Squirrels are an important part of eco-systems all around the world and while they may have cute little faces, they are considered to be something of a pest to gardeners.
When you’re getting your outdoor space ready for summer, you’ll be excited to plant a variety of new bulbs.
Gladiolus are one of the most popular but are they going to fall victim to those pesky squirrels?
Unfortunately, if you have squirrels in or around your garden, they will go for those gladiolus bulbs. They might not take the bulbs away completely, but even the slightest interference can have a devastating effect on the plant and its growth.
Short of completely culling the squirrel population which is neither humane or possible, you’ll have to come up with some other, more creative ways of protecting your bulbs.
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Squirrels And Gladiolus Bulbs
Squirrels are known for their foraging behaviors and they love nothing more than searching out and chowing down on some delicious bulbs, especially gladiolus bulbs.
This happens during the summer and fall more often than other times of the year as the squirrels are actively looking for food to store for the winter.
While many gardeners look to plant bulbs during the fall, it’s worth considering that this is a risk as this is the time of year when the food sources begin to dwindle for squirrels so those bulbs will be a prime target.
It’s not uncommon to see a squirrel or two digging around your garden during the fall months.
The diet of the squirrel is pretty simple; they rely on protein rich plant based foods which are commonly found in things like nuts and of course, your precious gladiolus bulbs.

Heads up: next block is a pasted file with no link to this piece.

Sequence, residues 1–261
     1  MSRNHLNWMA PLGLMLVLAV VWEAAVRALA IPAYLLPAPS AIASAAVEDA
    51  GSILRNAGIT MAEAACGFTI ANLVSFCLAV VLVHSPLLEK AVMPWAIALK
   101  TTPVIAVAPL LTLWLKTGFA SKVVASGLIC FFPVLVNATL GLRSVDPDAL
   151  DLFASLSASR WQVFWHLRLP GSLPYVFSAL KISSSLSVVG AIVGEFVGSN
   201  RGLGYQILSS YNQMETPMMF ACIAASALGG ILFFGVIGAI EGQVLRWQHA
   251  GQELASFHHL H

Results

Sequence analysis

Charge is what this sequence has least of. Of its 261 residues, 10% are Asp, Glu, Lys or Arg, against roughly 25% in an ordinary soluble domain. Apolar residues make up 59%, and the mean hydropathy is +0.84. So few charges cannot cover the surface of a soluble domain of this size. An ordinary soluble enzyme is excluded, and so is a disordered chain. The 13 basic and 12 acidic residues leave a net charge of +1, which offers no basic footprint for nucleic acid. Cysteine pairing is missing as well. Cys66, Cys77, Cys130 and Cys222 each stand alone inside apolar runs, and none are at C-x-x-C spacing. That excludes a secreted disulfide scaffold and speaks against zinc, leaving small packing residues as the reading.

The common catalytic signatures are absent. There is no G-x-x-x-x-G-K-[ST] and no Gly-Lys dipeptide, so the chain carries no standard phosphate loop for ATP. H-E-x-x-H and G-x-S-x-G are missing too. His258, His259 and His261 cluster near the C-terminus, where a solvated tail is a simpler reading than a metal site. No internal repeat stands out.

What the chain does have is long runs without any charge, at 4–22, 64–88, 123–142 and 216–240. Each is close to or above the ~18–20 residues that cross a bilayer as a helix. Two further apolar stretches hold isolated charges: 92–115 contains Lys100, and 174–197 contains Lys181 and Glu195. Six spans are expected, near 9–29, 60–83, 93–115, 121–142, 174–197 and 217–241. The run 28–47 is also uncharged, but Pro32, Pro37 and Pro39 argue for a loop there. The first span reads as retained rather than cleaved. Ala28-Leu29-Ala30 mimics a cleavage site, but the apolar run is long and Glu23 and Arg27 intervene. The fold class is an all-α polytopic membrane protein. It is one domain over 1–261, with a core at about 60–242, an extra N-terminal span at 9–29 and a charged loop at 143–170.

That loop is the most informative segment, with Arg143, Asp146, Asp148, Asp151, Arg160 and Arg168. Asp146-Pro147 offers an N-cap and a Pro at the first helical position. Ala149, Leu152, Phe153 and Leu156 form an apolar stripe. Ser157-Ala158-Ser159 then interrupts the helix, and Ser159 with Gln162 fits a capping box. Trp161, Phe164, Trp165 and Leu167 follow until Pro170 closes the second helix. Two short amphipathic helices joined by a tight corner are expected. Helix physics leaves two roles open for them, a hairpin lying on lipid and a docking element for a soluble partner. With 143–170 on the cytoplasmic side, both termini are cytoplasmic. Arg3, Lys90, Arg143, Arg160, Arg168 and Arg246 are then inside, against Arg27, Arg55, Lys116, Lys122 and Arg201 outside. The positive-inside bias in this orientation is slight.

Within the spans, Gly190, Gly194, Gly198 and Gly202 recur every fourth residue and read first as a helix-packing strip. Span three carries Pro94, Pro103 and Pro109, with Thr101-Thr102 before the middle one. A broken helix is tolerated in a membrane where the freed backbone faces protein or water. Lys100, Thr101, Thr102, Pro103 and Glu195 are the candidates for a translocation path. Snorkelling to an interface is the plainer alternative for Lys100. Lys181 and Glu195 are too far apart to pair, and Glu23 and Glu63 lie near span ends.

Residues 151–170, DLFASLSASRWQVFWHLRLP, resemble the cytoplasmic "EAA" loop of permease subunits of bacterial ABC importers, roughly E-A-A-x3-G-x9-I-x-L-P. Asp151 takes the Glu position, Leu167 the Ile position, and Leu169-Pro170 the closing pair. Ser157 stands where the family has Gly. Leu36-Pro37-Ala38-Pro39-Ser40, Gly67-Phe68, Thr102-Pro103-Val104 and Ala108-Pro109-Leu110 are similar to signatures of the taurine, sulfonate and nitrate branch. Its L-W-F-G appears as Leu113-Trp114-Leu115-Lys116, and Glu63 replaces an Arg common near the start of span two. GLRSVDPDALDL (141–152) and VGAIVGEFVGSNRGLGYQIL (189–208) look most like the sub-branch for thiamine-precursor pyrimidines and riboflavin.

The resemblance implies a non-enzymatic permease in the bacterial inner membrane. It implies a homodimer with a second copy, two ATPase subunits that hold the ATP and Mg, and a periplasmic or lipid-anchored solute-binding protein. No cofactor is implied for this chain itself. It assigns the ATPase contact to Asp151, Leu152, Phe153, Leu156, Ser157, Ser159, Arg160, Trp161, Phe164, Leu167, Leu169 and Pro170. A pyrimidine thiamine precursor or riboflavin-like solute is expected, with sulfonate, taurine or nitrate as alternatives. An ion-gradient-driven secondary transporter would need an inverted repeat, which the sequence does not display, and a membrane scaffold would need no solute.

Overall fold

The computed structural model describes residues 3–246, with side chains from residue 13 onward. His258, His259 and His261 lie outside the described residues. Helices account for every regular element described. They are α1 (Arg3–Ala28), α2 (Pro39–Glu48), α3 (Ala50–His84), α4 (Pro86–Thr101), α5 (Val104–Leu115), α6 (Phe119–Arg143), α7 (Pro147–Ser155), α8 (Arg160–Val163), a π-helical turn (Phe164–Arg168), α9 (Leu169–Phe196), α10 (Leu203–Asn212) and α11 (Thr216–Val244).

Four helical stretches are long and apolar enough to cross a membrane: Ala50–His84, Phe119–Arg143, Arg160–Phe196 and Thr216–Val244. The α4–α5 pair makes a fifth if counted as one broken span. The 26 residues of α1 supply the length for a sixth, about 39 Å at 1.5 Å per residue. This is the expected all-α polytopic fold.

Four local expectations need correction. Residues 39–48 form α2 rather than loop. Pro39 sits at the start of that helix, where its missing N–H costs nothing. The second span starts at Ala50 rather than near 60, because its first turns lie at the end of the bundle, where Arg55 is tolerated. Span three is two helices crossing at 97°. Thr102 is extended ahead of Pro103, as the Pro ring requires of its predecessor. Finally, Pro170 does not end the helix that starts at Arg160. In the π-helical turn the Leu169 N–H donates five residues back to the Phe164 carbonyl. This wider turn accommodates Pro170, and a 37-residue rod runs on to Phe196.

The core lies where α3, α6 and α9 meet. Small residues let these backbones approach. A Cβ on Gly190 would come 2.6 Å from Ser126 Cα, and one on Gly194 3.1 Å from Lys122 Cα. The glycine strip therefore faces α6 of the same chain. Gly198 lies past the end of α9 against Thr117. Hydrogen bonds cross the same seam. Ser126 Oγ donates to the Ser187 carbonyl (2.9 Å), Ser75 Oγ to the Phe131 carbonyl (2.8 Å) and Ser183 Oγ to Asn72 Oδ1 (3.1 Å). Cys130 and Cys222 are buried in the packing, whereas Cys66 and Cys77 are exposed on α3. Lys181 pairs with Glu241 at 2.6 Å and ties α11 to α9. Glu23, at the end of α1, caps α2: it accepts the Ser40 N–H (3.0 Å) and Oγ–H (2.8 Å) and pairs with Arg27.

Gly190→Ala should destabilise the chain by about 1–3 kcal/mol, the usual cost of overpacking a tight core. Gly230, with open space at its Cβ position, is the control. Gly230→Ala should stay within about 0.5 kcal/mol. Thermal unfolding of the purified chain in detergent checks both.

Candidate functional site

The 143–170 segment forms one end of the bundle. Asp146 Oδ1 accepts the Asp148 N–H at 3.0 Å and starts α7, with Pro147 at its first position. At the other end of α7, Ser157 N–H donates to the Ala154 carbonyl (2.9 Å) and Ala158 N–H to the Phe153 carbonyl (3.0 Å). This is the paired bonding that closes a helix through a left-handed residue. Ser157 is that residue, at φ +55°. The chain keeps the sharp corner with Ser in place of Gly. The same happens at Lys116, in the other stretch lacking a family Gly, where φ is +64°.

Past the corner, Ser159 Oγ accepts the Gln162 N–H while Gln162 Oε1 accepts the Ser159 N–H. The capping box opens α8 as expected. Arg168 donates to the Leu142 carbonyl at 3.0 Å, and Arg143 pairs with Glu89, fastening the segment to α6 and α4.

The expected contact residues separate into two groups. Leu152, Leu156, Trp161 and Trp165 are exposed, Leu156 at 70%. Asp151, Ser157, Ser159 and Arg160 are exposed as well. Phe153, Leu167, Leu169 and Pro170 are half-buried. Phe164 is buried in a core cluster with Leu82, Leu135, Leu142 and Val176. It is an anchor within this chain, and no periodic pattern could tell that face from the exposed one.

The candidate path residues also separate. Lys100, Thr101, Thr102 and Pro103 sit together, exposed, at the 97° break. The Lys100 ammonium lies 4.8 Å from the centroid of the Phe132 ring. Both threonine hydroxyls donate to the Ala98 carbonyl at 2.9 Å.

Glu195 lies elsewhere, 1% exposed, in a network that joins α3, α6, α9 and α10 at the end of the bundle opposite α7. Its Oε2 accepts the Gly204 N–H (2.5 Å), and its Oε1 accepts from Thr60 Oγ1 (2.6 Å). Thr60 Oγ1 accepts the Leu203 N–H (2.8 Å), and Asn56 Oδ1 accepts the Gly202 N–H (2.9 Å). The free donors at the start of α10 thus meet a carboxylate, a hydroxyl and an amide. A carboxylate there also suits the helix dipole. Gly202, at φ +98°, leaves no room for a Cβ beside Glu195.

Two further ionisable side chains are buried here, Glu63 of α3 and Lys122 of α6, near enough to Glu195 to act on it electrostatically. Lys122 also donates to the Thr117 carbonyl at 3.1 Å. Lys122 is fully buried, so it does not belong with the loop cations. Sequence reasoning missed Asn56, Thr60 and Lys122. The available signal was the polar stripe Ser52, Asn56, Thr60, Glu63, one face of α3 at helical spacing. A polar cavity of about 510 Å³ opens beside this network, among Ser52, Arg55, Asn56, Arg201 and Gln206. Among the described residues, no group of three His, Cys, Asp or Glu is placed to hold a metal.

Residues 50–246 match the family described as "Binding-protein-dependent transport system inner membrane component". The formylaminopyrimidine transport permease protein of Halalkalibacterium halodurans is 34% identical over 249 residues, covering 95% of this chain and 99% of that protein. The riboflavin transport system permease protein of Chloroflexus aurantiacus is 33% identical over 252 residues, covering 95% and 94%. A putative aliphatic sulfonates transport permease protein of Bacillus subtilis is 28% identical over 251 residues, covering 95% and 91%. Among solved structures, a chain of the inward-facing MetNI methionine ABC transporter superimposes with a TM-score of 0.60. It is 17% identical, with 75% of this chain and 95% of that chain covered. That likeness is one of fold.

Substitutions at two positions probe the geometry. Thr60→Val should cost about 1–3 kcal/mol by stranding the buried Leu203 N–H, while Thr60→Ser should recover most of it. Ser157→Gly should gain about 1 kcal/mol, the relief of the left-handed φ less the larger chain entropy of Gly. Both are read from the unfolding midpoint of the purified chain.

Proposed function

While these bulbs aren’t at the top of the squirrels menu, they do enjoy them when they can. However, if you have tulip or crocus bulbs, they’ll go for these as a first choice.
For those that plant gladiolus bulbs, you’ll need to keep an eye out for squirrels who will come into your garden and pull out the bulbs.
But these animals aren’t the only threat since things like chipmunks will also try their luck. If you have a lot of mature trees in the nearby area, there is even more of a risk of these animals being present.
Bad News: The problem is that, in areas like this, where the squirrel population is high, you’re going to have a very hard time growing gladiolus at all.
Are There Any Bulbs That Squirrels Don’t Eat?
Squirrels are overly fussy when it comes to food.
While many larger animals such as deer will feast on the leaves and flowers, squirrels don’t waste any time in getting down to the good stuff; the bulb.
This part of the plant contains a lot of essential nutrients and squirrels literally go nuts for them.
When they’re starving, they become even less fussy and will eat pretty much any type of bulb going.
That said, there are a number of squirrel resistant bulbs that have properties that make them less attractive to squirrels.
If a bulb is poisonous or the sap is milky, it’s far more unlikely that a squirrel will attempt to dig it up.
There are also a few bulbs that don’t taste very good and so squirrels will typically leave these behind.
- Lily of the valley